Friday, October 4, 2013

Gerrymandering by Cropping

If you have experience posting photos on some websites, you know that the photos have to be a certain size and shape and have received assistance in meeting that requirement by the appearance of a little cropping box, of predefined size and shape, that can be moved around on the original image to select the part of the photo that you want to appear on the site.

Gerrymandering of congressional districts is a little like cropping except that there is no predefined size and shape of the final product.  Size and shape are generally determined by population make up and are often selected to provide "safe" districts for one party or the other.  In the midlands of South Carolina, we have a heavily gerrymandered district designed to assure that Congressman James Clyburn can be re-elected as long as he keeps choosing to run.

I have read the argument that the real purpose for the safe Clyburn district was to keep Clyburn voters out of other districts and make them safe for representatives who are almost certain to disagree with Congressman Clyburn on everything.  I don't know what the truth is and really don't care because neither strategy should be considered fair and reasonable or even legal.

Below is a map of the Clyburn district.  Folks who know South Carolina will recognize that this district includes the low income areas along North Main and Farrow Road and along Bluff Road, where the bulk of Home Works of America efforts  repairing the homes of elderly low income folks is concentrated, and carefully excludes the more prosperous Forest Acres and Blythewood sections and almost all of conservative Lexington County.   The second map shows the detail of the little pimple in Columbia within which, incidentally, I reside.

Also included in Congressman Clyburn's district are the "Corridor of Shame" west of I95 and carefully excluded are the upscale Summerville pimple and the more prosperous beach fronts from Myrtle Beach down through Kiawah and Hilton Head Island.  Congressman Clyburn does have beach access via Edisto Island.   All that prosperous coastal property, by the way, is in District One, once represented by Congressman Mark Sanford, more recently by appointed Black conservative Senator Tim Scott, and now, again, by Congressman Sanford.  It is a safe seat for conservatives, for sure.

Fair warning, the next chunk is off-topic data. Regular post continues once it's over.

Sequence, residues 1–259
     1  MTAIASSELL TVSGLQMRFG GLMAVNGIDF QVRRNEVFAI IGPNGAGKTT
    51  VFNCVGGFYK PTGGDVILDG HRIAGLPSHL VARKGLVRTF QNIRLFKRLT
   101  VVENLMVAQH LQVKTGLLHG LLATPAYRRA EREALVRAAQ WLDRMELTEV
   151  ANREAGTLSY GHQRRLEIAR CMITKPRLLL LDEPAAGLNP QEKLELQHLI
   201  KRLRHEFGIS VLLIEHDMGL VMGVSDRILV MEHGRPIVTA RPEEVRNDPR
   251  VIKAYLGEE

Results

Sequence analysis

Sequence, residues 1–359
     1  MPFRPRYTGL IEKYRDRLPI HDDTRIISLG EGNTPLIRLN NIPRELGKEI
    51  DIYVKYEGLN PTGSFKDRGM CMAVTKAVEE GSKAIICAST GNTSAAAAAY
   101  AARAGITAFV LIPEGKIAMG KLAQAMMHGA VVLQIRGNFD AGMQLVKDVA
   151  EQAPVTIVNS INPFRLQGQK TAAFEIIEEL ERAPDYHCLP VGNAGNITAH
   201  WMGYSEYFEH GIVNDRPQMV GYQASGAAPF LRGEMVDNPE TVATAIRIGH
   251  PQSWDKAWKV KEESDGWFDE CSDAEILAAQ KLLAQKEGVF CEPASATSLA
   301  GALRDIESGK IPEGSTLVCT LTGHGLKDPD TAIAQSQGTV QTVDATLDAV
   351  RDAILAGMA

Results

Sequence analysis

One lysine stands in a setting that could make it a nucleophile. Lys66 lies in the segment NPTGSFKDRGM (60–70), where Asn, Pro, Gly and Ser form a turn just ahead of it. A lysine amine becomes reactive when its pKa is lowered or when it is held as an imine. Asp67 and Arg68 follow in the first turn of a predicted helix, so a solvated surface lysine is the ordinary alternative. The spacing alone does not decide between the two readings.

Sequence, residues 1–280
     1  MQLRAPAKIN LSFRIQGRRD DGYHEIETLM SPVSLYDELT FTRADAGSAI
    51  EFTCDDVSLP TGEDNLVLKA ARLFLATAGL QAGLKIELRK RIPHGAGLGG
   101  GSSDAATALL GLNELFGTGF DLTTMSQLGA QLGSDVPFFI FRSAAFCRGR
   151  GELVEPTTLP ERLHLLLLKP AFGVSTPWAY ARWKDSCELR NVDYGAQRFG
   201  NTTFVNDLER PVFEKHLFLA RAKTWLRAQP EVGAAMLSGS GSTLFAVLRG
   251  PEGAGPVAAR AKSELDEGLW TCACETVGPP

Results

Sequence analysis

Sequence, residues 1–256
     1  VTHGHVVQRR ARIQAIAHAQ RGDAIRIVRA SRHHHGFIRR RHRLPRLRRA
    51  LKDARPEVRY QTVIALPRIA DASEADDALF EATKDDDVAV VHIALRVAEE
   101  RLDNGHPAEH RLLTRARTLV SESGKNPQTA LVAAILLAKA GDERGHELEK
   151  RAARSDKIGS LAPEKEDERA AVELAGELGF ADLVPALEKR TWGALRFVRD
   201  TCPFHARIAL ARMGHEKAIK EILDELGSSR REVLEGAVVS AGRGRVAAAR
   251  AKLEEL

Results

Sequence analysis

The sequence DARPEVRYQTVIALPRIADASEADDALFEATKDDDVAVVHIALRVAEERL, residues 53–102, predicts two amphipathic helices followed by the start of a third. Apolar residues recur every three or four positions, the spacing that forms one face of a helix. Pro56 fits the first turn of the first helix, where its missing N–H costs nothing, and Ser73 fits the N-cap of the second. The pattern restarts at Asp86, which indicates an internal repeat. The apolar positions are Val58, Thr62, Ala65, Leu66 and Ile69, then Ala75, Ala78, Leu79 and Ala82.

I can't help but believe that the American people would be better represented in Congress without all the gerrymandered "safe" districts.  Each representative should be forced to deal with the concerns of a broad cross section of folks and not just march ideologically lockstep without even having to think.  Rather than just grumble about the sorry situation, here is my proposal for solving the problem:

Let's use the cropping principle for setting up district lines.  South Carolina has 4.7M people and seven Congressional Districts, so let's agree that each district must have at least 600,000 but no more than 700,000 residents.  Let's agree that all districts must be rectangular in shape with borders running north-south and east-west.  Below is an example with a little cropping box sitting right on top of Congressman Clyburn's district. My suggestion, then, is that the redistricting powers that be can move this little box around anyway they want to and change its dimensions anyway they want to so long as it remains rectangular, except where it touches state borders, and contains the required number of people and so long as seven such districts can be constructed to cover the entire state.  Now that would be a fun puzzle to solve, would eliminate or greatly reduce the kind of partisan gridlock we are currently observing in Washington, and would make everybody but the Representatives currently occupying "safe" seats happy.  And there is no reason for us to put any effort in trying to make those folks happy.


Here's an afterthought:  Don't worry about this happening if you don't like it.  It would take an act of congress to push it through.


2 comments:

  1. Congress and staff are masters at trying go for safe seats (using power politics and geographical research). If someone geographer came up with a scheme for fairness, power politics would ensure that fairness would be compromised a lot or a little bit. And if districts were drawn and implemented very fairly, it would be an accident and would not stay fair for long.

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  2. Texas is also plagued with the gerrymandering of congressional districts, as I suppose most states are. It is so wrong and so very obvious that I cannot see how congress can simply ignore it. It will take some activist group zeroing in on the issue and bringing it to the forefront of America's collective consciousness.

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